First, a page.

MONTHLY MARKET OVERVIEW
Author: Hennie Bezuidenhout
- China devalues Yuan in an effort to allow more flexibility and increase economic competitiveness.
- Emerging markets selloff continues to dampen risk appetite, adding to the economic woes of commodity producing nations.
- South African rand reaches all time low against US dollar as foreigners sell equities and bonds.
For the month of August, South African equities lost 3.6%, reflecting the bearish sentiment global investors attached to emerging market exposure. Weak Chinese economic data and subsequent currency fixing initiatives spurred investor jitters globally, and confirmed suspicions that the second largest economy is currently struggling to meet investor expectations.
Additionally, data suggested that South Africa’s economy shrank for the first time in more than a year during the second quarter of 2015, and raises the risk that current labor disputes and the mentioned slowing Chinese demand could push the economy into recession.
On global markets, China’s Shanghai Index slumped to their worst performance since the depths of the financial crisis in 2007, and wiped out what was left of 2015’s gains, which in June stood at more than 50%. Moreover, US markets registered its biggest monthly percentage drop since May 2012, while European stock markets also collapsed during August, shedding 8.3%. Read more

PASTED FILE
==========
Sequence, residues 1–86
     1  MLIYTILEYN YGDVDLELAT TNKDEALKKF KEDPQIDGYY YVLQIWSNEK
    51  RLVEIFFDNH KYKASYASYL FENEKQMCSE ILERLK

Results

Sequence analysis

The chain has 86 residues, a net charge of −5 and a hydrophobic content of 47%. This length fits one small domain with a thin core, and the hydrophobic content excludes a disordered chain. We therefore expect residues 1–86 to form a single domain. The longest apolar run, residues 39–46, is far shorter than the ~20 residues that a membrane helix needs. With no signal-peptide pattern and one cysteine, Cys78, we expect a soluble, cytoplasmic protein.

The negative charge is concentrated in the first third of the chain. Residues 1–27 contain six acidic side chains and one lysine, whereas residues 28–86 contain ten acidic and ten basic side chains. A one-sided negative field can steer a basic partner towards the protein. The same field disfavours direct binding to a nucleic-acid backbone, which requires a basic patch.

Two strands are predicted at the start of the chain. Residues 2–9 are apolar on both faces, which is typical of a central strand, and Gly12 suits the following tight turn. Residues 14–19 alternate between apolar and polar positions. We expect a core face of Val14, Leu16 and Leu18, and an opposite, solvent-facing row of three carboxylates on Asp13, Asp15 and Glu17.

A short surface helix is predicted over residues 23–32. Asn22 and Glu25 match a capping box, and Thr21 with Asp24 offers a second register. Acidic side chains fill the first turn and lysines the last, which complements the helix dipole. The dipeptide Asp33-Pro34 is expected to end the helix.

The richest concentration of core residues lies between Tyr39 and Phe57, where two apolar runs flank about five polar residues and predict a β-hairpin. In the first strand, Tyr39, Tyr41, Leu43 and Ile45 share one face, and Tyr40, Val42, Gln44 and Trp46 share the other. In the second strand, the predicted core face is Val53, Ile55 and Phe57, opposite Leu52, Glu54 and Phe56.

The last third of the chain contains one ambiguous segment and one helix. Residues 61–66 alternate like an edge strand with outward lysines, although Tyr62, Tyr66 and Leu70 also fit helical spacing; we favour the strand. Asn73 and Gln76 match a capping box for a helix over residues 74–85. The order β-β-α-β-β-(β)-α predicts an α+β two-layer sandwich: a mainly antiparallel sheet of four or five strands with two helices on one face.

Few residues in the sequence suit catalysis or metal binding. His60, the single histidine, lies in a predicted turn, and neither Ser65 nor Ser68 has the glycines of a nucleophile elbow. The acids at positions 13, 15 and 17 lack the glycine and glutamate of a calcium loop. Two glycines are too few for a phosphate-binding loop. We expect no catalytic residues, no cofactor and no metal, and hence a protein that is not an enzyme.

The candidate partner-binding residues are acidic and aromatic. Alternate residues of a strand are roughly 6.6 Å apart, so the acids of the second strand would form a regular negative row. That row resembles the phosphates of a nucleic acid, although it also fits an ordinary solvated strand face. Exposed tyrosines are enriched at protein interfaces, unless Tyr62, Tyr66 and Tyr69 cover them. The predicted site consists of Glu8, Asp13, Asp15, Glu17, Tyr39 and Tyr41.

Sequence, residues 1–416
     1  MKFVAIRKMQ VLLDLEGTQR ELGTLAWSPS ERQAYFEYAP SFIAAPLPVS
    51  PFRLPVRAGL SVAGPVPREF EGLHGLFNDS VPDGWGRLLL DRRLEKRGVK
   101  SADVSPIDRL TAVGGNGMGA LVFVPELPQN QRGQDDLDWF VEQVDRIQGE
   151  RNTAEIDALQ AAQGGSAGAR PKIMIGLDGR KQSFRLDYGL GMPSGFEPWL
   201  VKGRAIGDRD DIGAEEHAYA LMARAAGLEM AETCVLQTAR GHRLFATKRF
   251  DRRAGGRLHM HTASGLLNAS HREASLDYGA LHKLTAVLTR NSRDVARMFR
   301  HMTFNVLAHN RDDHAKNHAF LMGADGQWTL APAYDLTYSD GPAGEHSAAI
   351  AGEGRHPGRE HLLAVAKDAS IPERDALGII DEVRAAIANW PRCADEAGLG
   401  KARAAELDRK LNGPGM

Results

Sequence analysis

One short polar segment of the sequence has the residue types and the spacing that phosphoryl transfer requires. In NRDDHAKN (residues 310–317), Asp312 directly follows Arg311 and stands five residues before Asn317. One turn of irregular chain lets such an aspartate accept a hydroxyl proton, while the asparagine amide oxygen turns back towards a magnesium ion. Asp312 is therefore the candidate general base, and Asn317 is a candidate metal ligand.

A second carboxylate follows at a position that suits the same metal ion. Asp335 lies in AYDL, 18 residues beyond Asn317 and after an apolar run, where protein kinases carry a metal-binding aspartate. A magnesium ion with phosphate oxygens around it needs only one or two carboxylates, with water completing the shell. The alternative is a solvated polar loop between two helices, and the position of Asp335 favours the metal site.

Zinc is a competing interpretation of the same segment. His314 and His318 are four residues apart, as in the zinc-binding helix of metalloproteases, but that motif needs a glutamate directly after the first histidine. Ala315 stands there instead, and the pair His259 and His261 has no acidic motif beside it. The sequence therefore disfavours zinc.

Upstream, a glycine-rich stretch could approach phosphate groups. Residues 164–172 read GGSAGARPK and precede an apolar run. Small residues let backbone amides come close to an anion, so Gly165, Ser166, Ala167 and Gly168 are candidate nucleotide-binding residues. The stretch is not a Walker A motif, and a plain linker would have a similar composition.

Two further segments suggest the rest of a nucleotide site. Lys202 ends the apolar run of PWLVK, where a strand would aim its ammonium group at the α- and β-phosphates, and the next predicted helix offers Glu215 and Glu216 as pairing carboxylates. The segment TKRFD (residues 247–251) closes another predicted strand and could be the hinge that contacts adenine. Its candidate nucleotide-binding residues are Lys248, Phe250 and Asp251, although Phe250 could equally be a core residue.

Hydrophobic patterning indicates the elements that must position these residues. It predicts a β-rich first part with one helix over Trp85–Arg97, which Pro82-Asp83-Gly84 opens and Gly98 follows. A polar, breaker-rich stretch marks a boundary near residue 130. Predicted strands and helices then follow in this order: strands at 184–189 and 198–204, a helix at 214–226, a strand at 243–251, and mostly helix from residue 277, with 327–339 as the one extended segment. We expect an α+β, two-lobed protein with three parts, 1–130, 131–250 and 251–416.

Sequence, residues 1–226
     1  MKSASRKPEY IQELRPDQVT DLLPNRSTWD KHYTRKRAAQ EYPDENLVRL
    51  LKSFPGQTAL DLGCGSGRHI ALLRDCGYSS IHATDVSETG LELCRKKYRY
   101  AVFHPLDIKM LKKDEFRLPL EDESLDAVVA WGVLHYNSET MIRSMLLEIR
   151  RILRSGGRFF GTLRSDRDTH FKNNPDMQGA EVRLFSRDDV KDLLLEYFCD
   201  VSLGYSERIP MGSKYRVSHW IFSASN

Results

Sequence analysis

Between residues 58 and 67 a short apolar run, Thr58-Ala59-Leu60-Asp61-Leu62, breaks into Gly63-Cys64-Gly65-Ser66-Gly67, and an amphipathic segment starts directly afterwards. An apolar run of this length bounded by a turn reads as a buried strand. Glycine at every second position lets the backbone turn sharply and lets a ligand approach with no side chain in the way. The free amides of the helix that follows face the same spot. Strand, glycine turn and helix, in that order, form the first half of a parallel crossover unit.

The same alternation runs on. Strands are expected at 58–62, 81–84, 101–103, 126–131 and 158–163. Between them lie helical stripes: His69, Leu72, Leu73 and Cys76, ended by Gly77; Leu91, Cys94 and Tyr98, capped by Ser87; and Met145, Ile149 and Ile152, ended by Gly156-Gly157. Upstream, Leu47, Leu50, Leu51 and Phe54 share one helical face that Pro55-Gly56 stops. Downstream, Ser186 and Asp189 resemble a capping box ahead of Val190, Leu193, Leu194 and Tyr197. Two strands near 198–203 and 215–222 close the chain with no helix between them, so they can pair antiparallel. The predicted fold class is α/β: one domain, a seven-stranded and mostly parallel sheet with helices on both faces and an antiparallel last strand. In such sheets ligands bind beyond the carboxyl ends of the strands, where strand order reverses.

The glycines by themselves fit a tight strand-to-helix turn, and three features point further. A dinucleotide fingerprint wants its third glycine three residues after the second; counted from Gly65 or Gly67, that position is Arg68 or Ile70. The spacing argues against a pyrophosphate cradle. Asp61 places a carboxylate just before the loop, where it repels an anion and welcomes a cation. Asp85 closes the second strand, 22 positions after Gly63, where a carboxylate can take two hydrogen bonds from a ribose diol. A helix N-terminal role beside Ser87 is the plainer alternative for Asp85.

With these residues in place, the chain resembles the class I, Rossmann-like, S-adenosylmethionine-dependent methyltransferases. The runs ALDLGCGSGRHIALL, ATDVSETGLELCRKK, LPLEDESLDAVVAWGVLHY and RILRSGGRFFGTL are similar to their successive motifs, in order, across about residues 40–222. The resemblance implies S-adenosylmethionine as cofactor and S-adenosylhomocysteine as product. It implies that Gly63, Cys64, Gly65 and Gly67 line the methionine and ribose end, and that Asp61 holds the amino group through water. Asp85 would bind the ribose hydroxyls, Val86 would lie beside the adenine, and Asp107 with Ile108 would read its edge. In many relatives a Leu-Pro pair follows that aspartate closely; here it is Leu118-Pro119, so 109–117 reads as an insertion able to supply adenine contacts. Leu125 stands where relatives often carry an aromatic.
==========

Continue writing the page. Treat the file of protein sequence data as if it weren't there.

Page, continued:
Chart of the month: Spike in market volatility Index
UNPACKING THE SOURCES OF SHAREHOLDER RETURNS
Author: Cor Booysen
We seem to be living in an environment of constant crisis and uncertainty. Earlier this year it was Greece and their potential exit from the EU. Since August the market has become worried about a potential hard landing of the Chinese economy and whether or not the Fed will be making a policy mistake by raising rates too early and hence plunge the US into a recession. Next year will surely bring its own sets of crises. We have consistently seen worries and crises every year since the great recession of 2008/9.
As managers of our clients’ money we need to be careful not to get drawn too much into the sensation seeking news-flow around the concerns of the day. We need to stay focussed on what drives longer term shareholder returns, whilst keeping one eye on the direction of the overall world economy. To do this we need to stay focused on the sources of shareholder returns. Read more